For most women with breast cancer, surgery is part of the treatment process. There are two main types of surgery to remove breast cancer:
Breast-conserving surgery (also called a lumpectomy, quadrantectomy, partial mastectomy, or segmental mastectomy) :
A surgery in which only the part of the breast containing the cancer is removed. The goal is to remove the cancer as well as some surrounding normal tissue. How much of the breast is removed depends on the size and location of the tumor and other factors.
A surgery in which the entire breast is removed, including all of the breast tissue and sometimes other nearby tissues. There are several different types of mastectomies. Some women may also get a double mastectomy, in which both breasts are removed.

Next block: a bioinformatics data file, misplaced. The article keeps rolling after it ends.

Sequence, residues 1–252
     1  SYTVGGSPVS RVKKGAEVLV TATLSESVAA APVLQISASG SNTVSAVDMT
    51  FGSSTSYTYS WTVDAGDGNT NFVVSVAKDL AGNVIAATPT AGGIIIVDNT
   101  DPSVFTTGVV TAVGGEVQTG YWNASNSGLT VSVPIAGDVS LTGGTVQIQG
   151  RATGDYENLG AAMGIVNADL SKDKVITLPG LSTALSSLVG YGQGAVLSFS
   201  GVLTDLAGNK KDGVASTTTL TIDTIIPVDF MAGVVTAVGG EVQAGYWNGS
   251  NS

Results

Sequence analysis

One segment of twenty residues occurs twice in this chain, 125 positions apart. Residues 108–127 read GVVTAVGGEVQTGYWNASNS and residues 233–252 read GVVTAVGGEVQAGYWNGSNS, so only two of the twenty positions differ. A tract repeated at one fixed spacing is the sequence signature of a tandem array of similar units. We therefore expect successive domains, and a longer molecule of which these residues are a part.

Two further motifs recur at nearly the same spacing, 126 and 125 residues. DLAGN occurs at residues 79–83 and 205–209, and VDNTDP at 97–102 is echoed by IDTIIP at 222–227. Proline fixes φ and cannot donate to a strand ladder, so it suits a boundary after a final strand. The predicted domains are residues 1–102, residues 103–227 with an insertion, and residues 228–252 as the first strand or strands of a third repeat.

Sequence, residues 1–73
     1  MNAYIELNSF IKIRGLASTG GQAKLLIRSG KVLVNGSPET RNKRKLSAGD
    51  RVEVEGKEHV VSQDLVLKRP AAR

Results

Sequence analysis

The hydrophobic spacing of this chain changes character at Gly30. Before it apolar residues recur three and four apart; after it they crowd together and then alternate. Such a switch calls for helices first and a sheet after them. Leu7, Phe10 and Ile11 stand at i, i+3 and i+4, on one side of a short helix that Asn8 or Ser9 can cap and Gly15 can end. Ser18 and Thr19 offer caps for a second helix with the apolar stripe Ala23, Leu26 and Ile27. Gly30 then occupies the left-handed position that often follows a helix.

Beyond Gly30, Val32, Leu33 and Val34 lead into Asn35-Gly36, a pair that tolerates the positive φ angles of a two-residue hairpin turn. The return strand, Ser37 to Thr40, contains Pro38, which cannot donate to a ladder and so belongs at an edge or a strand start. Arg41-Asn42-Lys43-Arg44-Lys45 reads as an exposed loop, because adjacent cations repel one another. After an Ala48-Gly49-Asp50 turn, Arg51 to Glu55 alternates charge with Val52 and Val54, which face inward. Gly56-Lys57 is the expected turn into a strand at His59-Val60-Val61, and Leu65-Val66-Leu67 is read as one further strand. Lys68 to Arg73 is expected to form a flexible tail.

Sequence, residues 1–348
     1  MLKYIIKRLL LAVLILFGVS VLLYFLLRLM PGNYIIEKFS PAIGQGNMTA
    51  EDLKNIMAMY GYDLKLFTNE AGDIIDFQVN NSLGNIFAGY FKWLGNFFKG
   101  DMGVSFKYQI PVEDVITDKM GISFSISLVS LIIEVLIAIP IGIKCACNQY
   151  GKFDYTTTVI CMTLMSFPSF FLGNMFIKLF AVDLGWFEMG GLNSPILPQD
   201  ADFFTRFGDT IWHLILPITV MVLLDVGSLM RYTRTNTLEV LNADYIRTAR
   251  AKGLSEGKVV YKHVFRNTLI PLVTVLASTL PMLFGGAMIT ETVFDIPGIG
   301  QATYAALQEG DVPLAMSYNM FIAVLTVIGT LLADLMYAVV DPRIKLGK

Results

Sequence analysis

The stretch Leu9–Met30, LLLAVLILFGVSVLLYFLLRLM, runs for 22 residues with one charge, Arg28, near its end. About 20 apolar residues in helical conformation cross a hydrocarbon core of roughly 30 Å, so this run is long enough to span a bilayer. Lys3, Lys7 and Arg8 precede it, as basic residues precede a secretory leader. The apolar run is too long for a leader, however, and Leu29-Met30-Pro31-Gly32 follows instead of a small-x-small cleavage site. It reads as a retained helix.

Surgery to remove nearby lymph nodes :
Cancer cells might have spread into the lymph nodes close to the breast. The two main types of surgery to remove lymph nodes are :
Sentinel lymph node biopsy (SLNB) :
A procedure in which the surgeon removes only the lymph node(s) under the arm to which the cancer would likely spread first. Removing only one or a few lymph nodes lowers the risk of side effects from the surgery.
Axillary lymph node dissection (ALND) :
A procedure in which the surgeon removes many (usually less than 20) lymph nodes from under the arm. ALND is not done as often as it was in the past, but it might still be the best way to look at the lymph nodes in some situations.
Breast Reconstruction Surgery : The main types of breast reconstruction are :
Implants to replace all or some of the breast tissue
Having a breast shape made from one’s own body tissue
A combination of an implant and one’s own body tissue